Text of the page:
Monday, February 15, 2010

that on-side kick was not risky-- according to the numbers

It was certainly risky in terms of what people would say.

But here are some interesting stats from Reed Albergotti in the WSJ...

New Orleans kicker Thomas Morstead squibbed the ball short in a surprise attempt at an onside kick and the ball was recovered by New Orleans....A day later, the trick play by coach Sean Payton was being touted as the gutsiest call in Super Bowl history.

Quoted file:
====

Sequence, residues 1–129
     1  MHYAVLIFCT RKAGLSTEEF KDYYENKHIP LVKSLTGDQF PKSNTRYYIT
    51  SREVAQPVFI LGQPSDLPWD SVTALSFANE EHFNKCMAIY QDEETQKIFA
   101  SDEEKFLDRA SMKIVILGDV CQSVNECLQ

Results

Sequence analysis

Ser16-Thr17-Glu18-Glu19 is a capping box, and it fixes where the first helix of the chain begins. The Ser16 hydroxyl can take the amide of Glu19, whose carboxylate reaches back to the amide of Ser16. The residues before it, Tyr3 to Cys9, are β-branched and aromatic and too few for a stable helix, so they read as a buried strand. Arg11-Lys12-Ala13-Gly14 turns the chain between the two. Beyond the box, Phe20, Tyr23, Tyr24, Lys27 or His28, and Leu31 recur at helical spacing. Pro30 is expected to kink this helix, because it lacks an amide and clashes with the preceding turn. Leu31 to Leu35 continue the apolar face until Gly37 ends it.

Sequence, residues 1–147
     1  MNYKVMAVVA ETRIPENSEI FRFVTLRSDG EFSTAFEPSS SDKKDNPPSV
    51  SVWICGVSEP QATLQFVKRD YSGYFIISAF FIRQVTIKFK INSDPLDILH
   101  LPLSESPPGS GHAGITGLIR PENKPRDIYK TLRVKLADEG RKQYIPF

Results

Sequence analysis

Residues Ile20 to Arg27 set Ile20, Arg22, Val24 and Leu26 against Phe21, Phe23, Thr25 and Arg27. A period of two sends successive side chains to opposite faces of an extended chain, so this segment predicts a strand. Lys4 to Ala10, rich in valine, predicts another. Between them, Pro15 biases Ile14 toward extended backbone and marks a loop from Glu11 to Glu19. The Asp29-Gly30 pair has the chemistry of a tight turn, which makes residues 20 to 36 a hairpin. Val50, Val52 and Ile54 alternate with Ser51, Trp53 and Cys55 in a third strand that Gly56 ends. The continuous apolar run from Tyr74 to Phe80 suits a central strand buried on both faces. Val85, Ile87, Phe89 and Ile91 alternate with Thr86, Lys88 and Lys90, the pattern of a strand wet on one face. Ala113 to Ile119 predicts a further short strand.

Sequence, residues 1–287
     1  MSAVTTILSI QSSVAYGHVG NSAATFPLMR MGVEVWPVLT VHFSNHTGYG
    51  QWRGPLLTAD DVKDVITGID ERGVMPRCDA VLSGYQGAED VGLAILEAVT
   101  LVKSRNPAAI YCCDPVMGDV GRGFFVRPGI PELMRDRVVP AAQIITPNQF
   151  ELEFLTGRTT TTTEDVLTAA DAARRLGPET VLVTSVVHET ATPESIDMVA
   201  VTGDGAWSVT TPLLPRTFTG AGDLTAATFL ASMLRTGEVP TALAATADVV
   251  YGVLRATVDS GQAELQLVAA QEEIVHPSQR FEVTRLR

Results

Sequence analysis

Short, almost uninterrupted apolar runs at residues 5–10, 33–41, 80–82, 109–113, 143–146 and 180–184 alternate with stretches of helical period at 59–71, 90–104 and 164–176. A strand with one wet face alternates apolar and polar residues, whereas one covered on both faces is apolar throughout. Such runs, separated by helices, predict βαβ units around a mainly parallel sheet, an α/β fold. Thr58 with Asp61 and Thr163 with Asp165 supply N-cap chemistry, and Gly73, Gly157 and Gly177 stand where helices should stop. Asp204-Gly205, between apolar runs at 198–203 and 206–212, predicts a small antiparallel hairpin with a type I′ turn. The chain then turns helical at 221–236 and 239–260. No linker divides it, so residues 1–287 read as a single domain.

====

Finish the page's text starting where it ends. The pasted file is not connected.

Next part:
But was it really that gutsy? The numbers say no. Statistically, the surprise onside kick works more often than not. Since 2000, onside kicks in the first three quarters—when they are typically unexpected—have been recovered by the kicking team almost 59% of the time. By contrast, 15% of fourth-quarter onside kicks were recovered in that same span.

In other words, it was more of a calculated risk than a gamble. A third-quarter onside kick is just a much more obvious risk than, say, blitzing a safety and a linebacker....


Post a Comment

Subscribe to Post Comments [Atom]

<< Home